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Niagara Region
[Nigeria]
Posted on : Aug 06, 2008
Early indications are Niagara Region's battery
recycling program is a success, but with enhanced access it could be moreso.

Three months in, regional residents have diverted 1.05 tonnes of dead batteries
from the landfill, choosing instead to deposit them for recycling.
It's a commendable effort, but is really little more than a drop in the bucket.


Niagara Region's mobile household hazardous waste depots have always accepted
batteries for recycling, which usually captures 16 tonnes of the small, toxic
power plants each year.

Niagara Region pilot project is making progress, but there is a long way to go


But that represents only four per cent of all the batteries sold in Niagara in
any given year.

The Region's pilot project, approved by council this spring, established
permanent battery recycling depots at each of the Region's landfill sites.

Assuming the pilot project numbers remain consistent over the remainder of the
year, and also assuming people will continue to recycle batteries at the mobile
waste depots, the Region can expect to capture roughly 20 tonnes of batteries
this year.

It's sounds good, but is only a one-percentage point increase in how many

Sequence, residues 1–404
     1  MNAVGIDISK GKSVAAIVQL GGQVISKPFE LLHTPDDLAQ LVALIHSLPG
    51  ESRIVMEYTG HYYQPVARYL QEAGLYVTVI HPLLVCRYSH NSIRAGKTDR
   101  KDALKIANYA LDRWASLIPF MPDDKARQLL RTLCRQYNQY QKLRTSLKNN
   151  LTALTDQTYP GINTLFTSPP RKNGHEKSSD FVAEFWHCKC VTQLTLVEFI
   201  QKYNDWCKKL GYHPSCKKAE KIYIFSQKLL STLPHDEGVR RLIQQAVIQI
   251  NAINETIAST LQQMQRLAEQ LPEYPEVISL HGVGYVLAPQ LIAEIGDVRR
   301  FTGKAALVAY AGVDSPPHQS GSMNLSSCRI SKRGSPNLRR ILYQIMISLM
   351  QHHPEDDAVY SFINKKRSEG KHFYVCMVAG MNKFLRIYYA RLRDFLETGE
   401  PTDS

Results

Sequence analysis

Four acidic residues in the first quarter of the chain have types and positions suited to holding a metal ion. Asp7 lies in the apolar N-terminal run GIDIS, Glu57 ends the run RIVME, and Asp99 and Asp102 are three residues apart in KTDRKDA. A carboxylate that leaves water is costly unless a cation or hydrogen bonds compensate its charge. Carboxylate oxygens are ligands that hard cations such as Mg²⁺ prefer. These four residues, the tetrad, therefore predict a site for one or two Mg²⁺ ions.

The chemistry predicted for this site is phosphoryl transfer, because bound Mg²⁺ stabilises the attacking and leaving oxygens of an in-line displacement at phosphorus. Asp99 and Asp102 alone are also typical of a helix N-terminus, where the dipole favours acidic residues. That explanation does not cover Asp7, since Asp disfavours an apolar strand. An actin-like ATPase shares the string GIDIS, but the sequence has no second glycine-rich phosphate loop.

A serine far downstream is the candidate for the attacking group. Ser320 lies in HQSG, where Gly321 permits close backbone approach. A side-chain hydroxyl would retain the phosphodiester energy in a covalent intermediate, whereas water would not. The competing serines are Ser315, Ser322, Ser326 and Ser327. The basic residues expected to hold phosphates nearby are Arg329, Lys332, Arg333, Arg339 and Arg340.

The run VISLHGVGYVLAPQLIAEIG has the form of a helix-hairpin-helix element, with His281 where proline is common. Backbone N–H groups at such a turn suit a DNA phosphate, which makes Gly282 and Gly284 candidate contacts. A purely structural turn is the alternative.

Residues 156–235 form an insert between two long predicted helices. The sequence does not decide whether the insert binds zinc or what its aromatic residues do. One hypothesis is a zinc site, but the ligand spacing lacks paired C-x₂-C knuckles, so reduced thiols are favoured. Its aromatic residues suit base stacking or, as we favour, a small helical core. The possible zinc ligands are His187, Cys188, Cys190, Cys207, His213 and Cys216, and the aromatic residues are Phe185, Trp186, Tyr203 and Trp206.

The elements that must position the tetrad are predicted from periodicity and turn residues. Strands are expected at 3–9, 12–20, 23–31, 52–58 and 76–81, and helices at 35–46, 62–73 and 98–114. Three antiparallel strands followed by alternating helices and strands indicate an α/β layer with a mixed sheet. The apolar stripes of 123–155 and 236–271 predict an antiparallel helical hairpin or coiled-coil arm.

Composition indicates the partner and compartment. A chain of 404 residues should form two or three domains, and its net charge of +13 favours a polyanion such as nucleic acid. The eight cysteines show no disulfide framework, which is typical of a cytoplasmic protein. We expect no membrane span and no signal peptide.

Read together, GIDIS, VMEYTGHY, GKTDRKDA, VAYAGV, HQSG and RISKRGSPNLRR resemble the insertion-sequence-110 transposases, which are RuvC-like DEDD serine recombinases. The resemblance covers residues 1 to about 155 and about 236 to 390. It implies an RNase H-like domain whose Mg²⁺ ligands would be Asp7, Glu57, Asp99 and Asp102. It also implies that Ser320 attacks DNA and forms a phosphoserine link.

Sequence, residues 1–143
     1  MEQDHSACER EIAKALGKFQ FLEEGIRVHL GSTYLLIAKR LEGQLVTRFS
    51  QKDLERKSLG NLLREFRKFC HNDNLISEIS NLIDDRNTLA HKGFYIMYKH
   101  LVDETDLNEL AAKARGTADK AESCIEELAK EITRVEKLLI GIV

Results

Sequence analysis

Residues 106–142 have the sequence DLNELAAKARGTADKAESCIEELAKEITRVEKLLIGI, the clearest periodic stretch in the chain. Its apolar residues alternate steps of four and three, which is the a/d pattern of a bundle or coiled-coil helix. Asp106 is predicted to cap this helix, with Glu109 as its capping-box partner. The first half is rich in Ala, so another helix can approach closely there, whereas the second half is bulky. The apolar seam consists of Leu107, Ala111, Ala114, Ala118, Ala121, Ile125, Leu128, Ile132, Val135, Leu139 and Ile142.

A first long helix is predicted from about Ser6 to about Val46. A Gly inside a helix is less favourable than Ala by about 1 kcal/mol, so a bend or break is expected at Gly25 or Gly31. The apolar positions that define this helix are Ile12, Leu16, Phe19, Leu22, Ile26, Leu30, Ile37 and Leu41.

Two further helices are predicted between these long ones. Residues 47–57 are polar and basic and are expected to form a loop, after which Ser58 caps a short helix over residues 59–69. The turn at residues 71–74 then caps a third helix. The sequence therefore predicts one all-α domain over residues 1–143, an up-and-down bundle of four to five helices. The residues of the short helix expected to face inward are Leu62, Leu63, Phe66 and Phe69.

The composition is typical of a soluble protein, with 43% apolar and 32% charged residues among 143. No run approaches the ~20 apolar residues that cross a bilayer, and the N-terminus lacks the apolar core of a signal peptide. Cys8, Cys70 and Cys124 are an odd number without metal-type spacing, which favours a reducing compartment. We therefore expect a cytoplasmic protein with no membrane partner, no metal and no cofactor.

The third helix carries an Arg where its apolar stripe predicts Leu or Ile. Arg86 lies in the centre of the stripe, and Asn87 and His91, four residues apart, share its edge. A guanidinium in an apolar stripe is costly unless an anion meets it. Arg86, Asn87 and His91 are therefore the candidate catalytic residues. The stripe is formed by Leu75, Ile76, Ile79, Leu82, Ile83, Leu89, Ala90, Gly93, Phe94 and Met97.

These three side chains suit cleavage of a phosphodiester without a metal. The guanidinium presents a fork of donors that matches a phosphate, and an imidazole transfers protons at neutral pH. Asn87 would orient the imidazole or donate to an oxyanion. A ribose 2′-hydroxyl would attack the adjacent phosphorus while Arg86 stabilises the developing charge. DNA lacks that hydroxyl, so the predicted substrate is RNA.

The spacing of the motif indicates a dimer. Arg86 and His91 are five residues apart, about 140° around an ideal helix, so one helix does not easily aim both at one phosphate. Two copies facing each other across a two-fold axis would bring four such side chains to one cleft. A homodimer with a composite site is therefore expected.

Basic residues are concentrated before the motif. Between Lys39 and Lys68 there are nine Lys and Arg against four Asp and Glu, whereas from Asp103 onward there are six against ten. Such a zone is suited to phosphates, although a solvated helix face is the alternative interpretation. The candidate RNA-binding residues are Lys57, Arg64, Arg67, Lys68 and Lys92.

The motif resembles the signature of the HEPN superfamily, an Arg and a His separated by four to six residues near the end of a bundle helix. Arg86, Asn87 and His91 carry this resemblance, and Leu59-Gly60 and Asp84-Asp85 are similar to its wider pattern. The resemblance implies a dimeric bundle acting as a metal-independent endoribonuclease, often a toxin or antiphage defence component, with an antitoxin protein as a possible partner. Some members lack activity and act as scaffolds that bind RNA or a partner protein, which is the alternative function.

batteries are being diverted from the landfill versus how many are being
purchased.

We can, and must, do better.

Look around in your daily life for items you have that run on batteries:
cellphones, cordless phones, watches, remote controls, MP3 players, clocks,
cameras -- battery-powered items are everywhere and Niagara residents buy 400
tonnes of batteries each year to power them.


While batteries are essential for so much in today's automated world, they are
environmental hazards.

About 88 per cent of the mercury found in landfill sites leaks out of discarded
batteries.

That says nothing about the lead, cadmium, lithium, nickel and zinc also found
in the compact units.

But there is no need for them to go into the landfill. Many of these chemicals
and elements can be recaptured and recycled, if only people stop tossing them in
the trash.

The Region can help by expanding the drop-off points for dead batteries.
Municipal buildings and special events are being considered, but the Region
should also investigate partnerships with private businesses.

Awareness is also key. People have to know the damage they are causing by
throwing batteries in the trash, and what they can do about it.

As always, people have to take more responsibility for their actions.

It may not be convenient to take a trip to the dump every time a battery in your
house runs its course.

But it takes little effort, and space, to create a bin in your house for dead
batteries. When it gets full, bring it to the landfill.

Niagara is on pace to recycle 20 tonnes of batteries this year.

Only 380 tonnes to go.
 
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